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Older first-time buyers who spend their twenties renting could have lost out on more than £270,000, according to analysis by The Model Works.

Mortgage Solutions | 26 Apr 2013 | 11:01

Julia Rampen

The research compared rising rent expectations with mortgage repayments pegged to the original purchase price.

Those buying at the average first-time buyer age of 37 would lose over a quarter of a million compared to those who bought at 24. However, they would still save £866,000 compared to those who never bought a home, the model found.

TMW founder Brian Hall said: "That is a lot of money. You can save the cost of a house through your lifetime by buying earlier. Even today when property prices are falling or stagnant it is still better to buy.

"Brokers need to encourage young people to get off the fence, stop renting and somehow find a way of buying. If the Help to Buy scheme is the only option on the table they should consider it."

Rising rent was calculated using a Countrywide yield figure of 6.8% of the average property price. The cost of home ownership took into account a 20% deposit and a property price inflation figure of 6.5% against a background inflation of 5.6%.

According to the analysis, a homeowner who bought at 24 could accumulate wealth of £773,915 by the age of 67. By contrast, one who bought at 35 would accumulate £565,525.

http://www.mortgages...gbp270-000-hall

Yay I'm a rent-for-ever loser, but if I buy now I could stop myself being priced out fully as HPI continues at a pace into the future.

These calcs possible thanks to mortgage rescue, forbearance, SMI eased, 0.5% base rates, QE hundreds of billions, FLS pushing, and soon Help-To-Buy, preventing what would have been a crash. Only home-owners matter. When prices slide it's no end of hearing how those with big mortgages were tricked into it, only knew house prices going up, couldn't have expected it, 'only wanted a home', with such claims suiting older owners who have stacks of equity or even own outright for intervention.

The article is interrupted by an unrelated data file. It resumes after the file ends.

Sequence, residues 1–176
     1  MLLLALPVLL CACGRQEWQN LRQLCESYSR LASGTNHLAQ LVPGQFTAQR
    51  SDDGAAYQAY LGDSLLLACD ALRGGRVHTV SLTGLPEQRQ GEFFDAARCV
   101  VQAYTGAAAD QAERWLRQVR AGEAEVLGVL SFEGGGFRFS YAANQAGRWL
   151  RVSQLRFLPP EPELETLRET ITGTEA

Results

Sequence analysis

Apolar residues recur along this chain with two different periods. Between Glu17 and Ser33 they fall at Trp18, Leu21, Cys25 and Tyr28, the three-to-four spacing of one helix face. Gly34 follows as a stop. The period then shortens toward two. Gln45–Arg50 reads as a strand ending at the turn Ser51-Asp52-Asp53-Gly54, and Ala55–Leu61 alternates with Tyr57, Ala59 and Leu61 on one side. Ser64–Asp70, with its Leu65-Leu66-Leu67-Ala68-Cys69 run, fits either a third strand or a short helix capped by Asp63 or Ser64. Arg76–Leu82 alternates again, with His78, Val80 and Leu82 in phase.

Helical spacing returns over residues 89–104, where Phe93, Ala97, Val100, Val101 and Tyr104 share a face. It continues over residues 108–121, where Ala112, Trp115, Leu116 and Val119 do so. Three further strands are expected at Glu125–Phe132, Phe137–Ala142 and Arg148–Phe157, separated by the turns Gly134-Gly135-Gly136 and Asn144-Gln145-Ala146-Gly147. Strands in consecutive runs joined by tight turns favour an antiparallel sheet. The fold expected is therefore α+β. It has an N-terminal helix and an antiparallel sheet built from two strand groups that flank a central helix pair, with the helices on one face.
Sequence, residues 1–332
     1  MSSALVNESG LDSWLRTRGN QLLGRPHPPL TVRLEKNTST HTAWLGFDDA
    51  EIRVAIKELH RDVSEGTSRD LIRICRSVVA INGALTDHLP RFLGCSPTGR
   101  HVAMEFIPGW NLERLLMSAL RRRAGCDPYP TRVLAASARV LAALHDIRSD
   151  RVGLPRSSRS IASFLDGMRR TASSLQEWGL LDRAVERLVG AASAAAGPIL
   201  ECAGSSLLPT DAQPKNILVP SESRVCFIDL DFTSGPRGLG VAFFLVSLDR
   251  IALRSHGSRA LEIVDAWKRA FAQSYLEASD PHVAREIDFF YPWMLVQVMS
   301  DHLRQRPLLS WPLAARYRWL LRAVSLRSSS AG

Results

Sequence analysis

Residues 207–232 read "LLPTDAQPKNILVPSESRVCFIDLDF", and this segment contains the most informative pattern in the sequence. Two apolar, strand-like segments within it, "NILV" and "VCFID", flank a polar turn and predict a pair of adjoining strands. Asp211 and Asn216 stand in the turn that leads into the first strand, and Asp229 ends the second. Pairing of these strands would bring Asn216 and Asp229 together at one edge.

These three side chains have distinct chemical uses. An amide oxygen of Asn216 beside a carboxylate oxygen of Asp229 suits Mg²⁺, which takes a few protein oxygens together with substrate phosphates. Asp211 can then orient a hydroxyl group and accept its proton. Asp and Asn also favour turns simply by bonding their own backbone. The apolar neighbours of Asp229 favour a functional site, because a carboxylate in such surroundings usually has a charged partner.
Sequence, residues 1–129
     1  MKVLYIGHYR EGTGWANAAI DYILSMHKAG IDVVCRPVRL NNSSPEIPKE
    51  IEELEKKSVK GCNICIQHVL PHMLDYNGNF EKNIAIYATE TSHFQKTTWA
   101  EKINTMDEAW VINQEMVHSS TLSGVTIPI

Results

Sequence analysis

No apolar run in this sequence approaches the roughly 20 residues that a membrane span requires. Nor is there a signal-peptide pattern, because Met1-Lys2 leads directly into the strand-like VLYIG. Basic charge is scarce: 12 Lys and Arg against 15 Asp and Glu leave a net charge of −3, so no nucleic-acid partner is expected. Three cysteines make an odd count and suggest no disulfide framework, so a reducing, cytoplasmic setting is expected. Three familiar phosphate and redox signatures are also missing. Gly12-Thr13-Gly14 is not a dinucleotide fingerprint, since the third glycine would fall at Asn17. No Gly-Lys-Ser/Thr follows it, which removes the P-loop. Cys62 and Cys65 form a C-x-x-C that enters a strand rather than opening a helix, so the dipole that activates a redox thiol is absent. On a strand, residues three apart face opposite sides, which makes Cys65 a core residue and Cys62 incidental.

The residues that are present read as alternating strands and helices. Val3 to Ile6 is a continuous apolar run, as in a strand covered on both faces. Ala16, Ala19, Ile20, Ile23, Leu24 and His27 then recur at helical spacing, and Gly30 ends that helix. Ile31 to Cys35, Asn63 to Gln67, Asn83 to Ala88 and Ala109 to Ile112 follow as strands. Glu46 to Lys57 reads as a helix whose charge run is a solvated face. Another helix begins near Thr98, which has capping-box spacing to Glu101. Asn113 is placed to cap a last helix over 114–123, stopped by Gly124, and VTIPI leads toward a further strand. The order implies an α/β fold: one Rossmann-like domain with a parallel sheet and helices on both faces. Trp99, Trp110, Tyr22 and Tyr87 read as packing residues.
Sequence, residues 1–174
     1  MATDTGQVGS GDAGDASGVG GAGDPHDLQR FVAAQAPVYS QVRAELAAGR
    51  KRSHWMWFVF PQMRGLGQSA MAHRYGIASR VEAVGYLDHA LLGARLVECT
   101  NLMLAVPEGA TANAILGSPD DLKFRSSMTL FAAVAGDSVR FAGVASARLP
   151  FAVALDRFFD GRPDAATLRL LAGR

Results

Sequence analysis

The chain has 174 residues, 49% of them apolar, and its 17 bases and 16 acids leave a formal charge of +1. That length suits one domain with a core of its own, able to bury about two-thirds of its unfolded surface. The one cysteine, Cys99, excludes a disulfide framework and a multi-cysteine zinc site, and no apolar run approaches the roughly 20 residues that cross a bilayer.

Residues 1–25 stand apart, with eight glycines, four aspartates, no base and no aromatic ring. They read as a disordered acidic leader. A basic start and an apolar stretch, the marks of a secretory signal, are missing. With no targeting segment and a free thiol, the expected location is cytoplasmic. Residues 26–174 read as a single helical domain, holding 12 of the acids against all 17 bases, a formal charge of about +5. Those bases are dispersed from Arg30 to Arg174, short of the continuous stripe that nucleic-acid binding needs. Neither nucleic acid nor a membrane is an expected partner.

Edited by Venger

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http://www.mortgagesolutions.co.uk/mortgage-solutions/news/2264356/delayed-firsttime-buyers-lose-gbp270-000-hall

Yay I'm a 38 year old rent-for-ever loser, but if I buy now I could stop myself being priced out fully as HPI continues at a pace into the future.

These calcs possible thanks to mortgage rescue, forbearance, SMI eased, 0.5% base rates, QE hundreds of billions, FLS pushing, and soon Help-To-Buy, preventing what would have been a crash. Only home-owners matter. When prices slide it's no end of hearing how those with big mortgages were tricked into it, only knew house prices going up, couldn't have expected it, 'only wanted a home', with such claims suiting older owners who have stacks of equity or even own outright for intervention.

It can take 2 or 3 moves across the country to find a decent job with career prospects, also moves associated with partners and lifestyle choice. A large number of job promotions come from moving employers after all. Someone in their 20s is going to struggle to find a job that is stable with good prospects and in a place that life can be happy for them and their partner from the offset.

Is the cost of moving factored in? Also, renting enables one to live more optimally for transport to work, is that cost factored in? I'm bored of hearing from people who bought in a poor location for work and have huge transport costs.

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Is the cost of moving factored in? Also, renting enables one to live more optimally for transport to work, is that cost factored in? I'm bored of hearing from people who bought in a poor location for work and have huge transport costs.

I thought all home-owners were doing Let-To-Buy when they need to move to a new area. That way you're double the money in when you reach 67.

23 April 2013

Increasing numbers of homeowners opted last year to let their main residence and buy a new place to live in response to strong rental demand and tax breaks, mortgage brokers have reported.